The Storm Spirits, 1900
oil on canvas
117.60 x 172.72 cm. (46.3 x 68 in.)
signature, painted, centre right: "EDeM / 1900"
The De Morgan Centre, London, United Kingdom
Evelyn De Morgan often chose to portray the elements within her work. Here, Rain, Lighting and Thunder are personified as strong, beautiful women with billowing drapery.
To the left, dressed in yellow, is the spirit of Rain pouring grey water from a never-ending vial. To the right, Lightning - a red-winged figure with winged feet, hurls lightning bolts into the storm. At the top centre is the spirit of the Thunderclouds, dressed in dark blue with her dark wings and draperies merging into the thunderclouds around her. In the centre is a small oasis of calm, showing a seashore not yet affected by the storm that these spirits are raising and offering hope for a calmer future.
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Evelyn De Morgan was born Evelyn Pickering. Her parents were of upper middle class. Her father was Percival Pickering QC, the Recorder of Pontefract. Her mother was Anna Maria Wilhelmina Spencer Stanhope, the sister of the artist John Roddam Spencer Stanhope and a descendant of Coke of Norfolk who was an Earl of Leicester. Evelyn was educated at home and started drawing lessons when she was 15. On the morning of her seventeenth birthday, Evelyn recorded in her diary, "Art is eternal, but life is short..." "I will make up for it now, I have not a moment to lose." She went on to persuade her parents to let her go to art school. At first they discouraged it, but in 1873 she was enrolled at the Slade School of Art. Her uncle, John Roddam Spencer Stanhope, was a great influence on her works. Evelyn often visited him in Florence where he lived. This also enabled her to study the great artists of the Renaissance; she was particularly fond of the works of Botticelli. This influenced her to move away from the classical subjects favoured by the Slade school and to make her own style.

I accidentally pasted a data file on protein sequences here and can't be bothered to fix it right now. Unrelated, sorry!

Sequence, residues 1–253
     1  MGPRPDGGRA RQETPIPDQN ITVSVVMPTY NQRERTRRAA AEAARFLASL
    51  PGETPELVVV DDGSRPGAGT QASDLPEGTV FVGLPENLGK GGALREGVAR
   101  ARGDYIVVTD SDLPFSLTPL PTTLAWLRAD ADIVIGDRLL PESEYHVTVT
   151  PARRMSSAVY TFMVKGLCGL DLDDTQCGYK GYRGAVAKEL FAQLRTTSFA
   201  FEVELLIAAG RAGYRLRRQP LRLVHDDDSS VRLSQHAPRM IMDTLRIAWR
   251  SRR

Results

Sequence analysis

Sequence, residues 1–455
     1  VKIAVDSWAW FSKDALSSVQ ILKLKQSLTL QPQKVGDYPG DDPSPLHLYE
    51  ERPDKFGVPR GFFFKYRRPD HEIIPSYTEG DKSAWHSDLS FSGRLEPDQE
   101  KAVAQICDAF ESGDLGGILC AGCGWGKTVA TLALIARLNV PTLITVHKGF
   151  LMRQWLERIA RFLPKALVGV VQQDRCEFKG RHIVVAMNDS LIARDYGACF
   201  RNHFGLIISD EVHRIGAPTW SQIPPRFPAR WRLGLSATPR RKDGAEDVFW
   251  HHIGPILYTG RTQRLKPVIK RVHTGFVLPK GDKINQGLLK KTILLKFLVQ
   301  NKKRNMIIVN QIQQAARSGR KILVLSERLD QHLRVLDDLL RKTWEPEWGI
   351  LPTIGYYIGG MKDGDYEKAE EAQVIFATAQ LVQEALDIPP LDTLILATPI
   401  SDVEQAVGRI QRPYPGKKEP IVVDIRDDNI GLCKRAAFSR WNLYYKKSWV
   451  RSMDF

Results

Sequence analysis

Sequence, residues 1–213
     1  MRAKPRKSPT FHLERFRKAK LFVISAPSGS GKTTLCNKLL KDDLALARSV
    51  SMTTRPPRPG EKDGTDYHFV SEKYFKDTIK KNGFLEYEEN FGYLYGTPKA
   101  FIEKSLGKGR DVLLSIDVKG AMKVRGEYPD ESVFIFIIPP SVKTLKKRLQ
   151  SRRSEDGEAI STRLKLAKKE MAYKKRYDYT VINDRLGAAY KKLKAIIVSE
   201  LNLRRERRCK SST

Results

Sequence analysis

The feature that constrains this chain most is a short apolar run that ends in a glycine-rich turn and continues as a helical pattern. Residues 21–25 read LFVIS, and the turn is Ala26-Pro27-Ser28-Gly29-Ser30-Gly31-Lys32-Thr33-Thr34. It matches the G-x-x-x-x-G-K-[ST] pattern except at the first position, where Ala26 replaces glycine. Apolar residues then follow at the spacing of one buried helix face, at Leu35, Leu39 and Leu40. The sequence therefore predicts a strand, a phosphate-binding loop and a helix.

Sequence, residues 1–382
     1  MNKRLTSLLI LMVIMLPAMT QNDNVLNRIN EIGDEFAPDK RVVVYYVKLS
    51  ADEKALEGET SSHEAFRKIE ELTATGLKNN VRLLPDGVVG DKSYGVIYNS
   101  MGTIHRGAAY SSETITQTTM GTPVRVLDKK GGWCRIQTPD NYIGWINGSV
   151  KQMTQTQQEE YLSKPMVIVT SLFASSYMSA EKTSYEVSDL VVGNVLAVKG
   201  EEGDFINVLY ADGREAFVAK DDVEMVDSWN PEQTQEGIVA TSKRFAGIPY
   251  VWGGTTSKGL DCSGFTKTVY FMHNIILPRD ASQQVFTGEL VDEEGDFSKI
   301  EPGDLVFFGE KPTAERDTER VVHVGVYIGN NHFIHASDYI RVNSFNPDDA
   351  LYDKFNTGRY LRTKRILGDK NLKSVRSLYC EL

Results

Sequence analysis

In 1887, she married the ceramicist William De Morgan. They lived together in London until he died in 1917. She died two years later on 2 May 1919 in London and was buried in Brookwood Cemetery, near Woking, Surrey.